Clean, Sophisticated, Yet Shocking.
Jason Saffer is a photographer and friend I met working in Denver. What is interesting to me is how many of the great photographers and artists I know crossed paths in Denver around the same time period approximately 8-10 years ago. Jason and I worked together at Wolf Camera in downtown Denver which was the old Robert Waxman. We didn't love it there but that is part of the journey of getting by is doing what it takes to pay the bills so you can take photos and create art.
Although I've known Jason since that time I wasn't introduced to his photography until I did my previous blog post on Derik Penny who said that Jason was one of his inspirations. Through that post I was able to discover Jason Saffer's photography. I must say I was impressed especially by the image below. The composition is absolutely perfect and the moment is there. You find yourself trying to figure out the story of the two subjects in the photo. Where is this woman going? This is a classic because you can't tell when it was taken. Was it shot in 1910 or 2010? His lines are clean and light is evenly distributed yet the contrast and the tonal range are on point.
Tell me about your photography/art background?
I have my B.A. From Rochester Institute of Technology in Photographic Illustration. I guess that is their fancy way of saying photography degree. I have traveled the country living all over and shooting and assisting along my journey. Recently I have returned to the east coast and completed a Masters degree in library and information sciences. I still shoot constantly and travel as often as possible, but have realized in my travels and through cataloging my personal collection, that I truly loved organizing and preserving these items. The path I followed took over 20 years to get me where I finally want to be in my photographic career, but it all started with those first negatives and my questions of storage, recall, and preservation.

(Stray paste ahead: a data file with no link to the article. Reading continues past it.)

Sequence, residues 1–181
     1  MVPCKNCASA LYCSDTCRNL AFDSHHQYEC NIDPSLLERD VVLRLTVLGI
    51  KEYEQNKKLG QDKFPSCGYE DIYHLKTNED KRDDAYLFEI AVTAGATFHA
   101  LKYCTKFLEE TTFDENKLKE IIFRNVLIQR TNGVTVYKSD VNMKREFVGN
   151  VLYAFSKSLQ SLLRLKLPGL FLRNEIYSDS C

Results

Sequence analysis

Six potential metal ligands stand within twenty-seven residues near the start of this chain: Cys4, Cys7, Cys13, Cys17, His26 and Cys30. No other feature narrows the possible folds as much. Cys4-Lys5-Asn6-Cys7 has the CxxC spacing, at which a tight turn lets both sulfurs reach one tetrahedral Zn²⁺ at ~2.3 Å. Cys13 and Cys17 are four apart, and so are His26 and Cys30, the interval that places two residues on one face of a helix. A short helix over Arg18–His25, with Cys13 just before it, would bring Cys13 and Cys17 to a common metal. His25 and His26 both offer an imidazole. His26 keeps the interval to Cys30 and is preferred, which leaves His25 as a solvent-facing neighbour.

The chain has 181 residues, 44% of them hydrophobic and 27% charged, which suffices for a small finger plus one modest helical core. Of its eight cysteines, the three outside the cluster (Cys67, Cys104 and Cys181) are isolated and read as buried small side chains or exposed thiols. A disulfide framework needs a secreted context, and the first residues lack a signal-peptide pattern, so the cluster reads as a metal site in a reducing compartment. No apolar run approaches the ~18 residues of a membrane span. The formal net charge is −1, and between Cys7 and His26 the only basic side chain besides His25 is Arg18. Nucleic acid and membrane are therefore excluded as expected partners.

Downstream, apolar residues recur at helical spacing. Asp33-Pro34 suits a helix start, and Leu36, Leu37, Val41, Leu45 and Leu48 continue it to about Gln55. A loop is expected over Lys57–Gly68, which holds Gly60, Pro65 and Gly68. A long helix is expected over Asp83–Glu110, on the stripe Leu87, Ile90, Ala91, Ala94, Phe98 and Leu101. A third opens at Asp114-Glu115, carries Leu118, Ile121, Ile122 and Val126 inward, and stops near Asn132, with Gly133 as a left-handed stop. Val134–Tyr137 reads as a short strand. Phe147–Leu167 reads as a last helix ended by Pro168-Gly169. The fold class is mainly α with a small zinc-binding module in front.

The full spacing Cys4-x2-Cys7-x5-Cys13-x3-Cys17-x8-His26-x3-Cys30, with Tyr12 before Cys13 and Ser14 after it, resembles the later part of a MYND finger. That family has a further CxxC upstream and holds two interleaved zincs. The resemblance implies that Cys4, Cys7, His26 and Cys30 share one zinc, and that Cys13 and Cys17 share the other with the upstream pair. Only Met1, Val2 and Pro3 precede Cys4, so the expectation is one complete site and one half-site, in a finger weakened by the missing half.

What kind of subjects do you shoot/or what are you currently working on?
Historically I am drawn to landscape, city-scape, and abstracted subjects. I prefer these because I can do them on my own time, without having to depend on models flaking out at the last minute, which throughout the years is more common than the model showing up (my models anyway). I have never given up on shooting people, as I have experienced that this style of shooting is difficult to master and takes constant practice. I have for the past couple of years left my comfort zone of shooting on my own and attempted to better my skills in working with people in front of my camera. For me, just having a pretty person in an environment isn't enough. Thousands of photographers make great pictures that fall into this category and they all, for me, become the same image. For me there is no substance to the portrait. Even when shooting a fashion image, to try to steer clear of the pretty girl in a bikini cliché, I try to find something that connects the viewer, or at the very least, myself, to a story or thought deeper than that of just a pretty person in a pretty environment